Is the UK set for ‘smart manufacturing’? Connected Thinking visited Siemens’ UK factory to find out more about the shift towards Industry 4.0

As UK industry prepares to embrace the fourth industrial revolution (4IR), or Industry 4.0, organisations are looking for guidance on what new technology will bring to their business and how to put it in place. According to the manufacturers’ organisation EEF, 61% of UK manufacturers believe that using digital technologies could boost their productivity, and 80% say 4IR will be a business reality by 2025[1].
 
Despite this, finding working examples of ‘smart factories’ is not easy – the reality is that while awareness of connected devices, big data, artificial intelligence (AI) and robotics is growing, their use is not widespread. At the Siemens factory in Congleton, however, you will see a manufacturer that is beginning to push the boundaries of technology and is looking to take other organisations with it on the digital journey.
 
“The Siemens approach to digitising their factory is underpinned by a robust world class manufacturing culture,” explains Richard Jeffers, Technical Director for Northern Europe at RS. “They are applying lean manufacturing with rigour and discipline and then looking for opportunities to further improve through the application of technology”.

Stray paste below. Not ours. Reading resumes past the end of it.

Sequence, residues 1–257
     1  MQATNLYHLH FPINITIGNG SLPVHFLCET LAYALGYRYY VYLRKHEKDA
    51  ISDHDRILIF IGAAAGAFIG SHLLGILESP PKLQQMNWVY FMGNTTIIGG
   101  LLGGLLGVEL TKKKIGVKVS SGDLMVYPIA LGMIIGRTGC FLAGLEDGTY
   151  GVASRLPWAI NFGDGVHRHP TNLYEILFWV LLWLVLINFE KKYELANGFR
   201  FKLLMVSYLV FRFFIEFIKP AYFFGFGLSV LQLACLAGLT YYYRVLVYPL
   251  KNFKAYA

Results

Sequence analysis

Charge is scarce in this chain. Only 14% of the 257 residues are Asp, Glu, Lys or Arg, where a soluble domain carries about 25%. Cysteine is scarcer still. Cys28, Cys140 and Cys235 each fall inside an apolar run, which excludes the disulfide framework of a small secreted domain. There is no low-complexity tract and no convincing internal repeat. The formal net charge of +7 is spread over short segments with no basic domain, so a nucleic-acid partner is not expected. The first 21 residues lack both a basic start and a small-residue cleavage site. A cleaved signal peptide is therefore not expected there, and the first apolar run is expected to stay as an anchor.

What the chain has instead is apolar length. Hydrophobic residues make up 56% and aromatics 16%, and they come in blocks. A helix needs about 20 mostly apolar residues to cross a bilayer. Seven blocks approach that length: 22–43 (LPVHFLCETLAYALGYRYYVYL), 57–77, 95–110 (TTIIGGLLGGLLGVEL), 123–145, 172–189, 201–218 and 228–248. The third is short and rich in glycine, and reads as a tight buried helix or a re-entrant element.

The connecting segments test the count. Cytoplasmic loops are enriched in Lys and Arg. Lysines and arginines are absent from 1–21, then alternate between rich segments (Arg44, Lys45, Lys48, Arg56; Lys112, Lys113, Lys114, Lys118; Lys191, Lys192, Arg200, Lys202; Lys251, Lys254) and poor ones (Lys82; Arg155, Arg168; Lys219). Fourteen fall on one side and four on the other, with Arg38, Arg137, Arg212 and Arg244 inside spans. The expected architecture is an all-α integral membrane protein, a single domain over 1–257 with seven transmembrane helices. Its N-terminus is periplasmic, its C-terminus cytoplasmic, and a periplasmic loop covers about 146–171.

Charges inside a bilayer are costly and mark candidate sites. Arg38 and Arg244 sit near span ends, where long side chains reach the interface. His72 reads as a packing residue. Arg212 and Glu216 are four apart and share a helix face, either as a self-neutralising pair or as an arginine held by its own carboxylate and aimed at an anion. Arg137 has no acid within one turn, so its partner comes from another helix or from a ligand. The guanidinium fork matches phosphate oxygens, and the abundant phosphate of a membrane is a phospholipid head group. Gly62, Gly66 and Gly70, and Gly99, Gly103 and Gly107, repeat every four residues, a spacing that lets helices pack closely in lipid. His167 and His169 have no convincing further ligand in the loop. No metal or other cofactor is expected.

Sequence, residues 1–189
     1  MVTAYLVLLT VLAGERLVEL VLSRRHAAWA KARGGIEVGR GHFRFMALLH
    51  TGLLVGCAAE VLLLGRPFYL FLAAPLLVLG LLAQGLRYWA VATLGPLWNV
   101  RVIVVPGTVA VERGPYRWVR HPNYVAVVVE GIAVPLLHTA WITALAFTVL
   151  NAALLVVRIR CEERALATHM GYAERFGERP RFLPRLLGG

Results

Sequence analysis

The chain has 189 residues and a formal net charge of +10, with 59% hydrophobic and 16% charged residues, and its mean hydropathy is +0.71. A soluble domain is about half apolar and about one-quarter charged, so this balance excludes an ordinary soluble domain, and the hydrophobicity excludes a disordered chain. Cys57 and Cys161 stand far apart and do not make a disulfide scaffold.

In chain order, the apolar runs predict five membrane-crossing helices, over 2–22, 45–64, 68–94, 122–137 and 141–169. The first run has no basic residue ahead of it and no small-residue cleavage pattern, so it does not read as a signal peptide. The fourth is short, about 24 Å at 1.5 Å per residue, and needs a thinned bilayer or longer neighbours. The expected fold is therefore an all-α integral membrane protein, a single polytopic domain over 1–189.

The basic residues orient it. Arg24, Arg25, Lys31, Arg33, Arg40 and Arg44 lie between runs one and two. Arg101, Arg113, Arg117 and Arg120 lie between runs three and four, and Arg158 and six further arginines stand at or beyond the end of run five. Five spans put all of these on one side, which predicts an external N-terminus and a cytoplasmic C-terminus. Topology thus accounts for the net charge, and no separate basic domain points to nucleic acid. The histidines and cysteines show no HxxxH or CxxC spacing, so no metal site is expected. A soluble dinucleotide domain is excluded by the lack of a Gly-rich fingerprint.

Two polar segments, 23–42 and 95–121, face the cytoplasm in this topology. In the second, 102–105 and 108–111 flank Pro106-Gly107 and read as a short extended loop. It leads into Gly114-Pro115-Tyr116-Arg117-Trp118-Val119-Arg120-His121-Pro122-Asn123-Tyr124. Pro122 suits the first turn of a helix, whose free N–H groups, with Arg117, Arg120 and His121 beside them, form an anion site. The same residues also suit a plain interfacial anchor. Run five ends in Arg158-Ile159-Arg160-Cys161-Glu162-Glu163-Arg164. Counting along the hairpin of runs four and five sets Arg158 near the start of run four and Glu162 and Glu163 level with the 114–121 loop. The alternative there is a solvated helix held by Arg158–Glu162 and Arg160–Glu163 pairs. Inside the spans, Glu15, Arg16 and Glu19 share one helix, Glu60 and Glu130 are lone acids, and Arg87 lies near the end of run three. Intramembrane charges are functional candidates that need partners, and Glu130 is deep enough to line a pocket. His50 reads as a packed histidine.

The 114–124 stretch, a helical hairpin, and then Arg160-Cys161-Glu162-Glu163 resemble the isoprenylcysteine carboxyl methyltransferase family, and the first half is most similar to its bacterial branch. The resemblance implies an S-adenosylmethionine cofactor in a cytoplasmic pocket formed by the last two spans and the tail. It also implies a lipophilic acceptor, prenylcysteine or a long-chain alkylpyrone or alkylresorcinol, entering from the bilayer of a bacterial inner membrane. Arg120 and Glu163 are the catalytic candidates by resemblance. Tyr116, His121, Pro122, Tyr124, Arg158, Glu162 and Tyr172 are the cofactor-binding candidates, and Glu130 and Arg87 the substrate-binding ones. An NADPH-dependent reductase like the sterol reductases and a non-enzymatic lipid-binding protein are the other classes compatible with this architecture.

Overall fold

With lean working practices for world-class manufacturing already in place, Siemens have already removed most waste meaning that the company will not simply digitise waste when it embraces new technology. Already on the Congleton production line, automated robots are performing some of the repetitive manual tasks that, until recently, humans carried out. These humans aren’t out of a job, however; they’ve simply been moved to other roles where they can add more value.
 
The increased demand for customised products means that production lines and workspaces often need to be reconfigured. This is something that can now be done quickly and easily via the onsite Virtual Reality Cave. Here, 3D models of the plant can be chopped and changed and approved in a fraction of the time it used to take using cardboard models.
“Adoption of this technology – or any change for that matter – is as much about tackling culture and attitudes as it is about technological innovation”Anil Thomas, Head of Strategy and Transformation, Siemens
Improving MRO
Technology is driving increased productivity and capacity, but how can it beneficially impact maintenance, repair and operations (MRO)? With hundreds of machines working day and night, the company employs 19 maintenance engineers to carry out maintenance and minimise downtime. Head of Maintenance David Reynolds is always looking for innovations to help his team keep plant assets at optimum condition.
 
“We monitor our machinery to see if it’s in an ‘alarm state’, which is when something has been picked up that isn’t quite right, but not necessarily down” he explains. “This data monitoring can be done by a human or we can set up automated alerts. It is a first step towards predictive maintenance: it isn’t full condition monitoring, which looks at temperature, vibration and other factors
 
“This lets us look at the data from the machines and think about how we could use it to make improvements and add value to the business.”
 
Siemens expects the demand for greater customisation in products to increase, which would require greater flexibility from its machines. The knock-on effect, according to Reynolds, will be more maintenance, which could open the door to AI.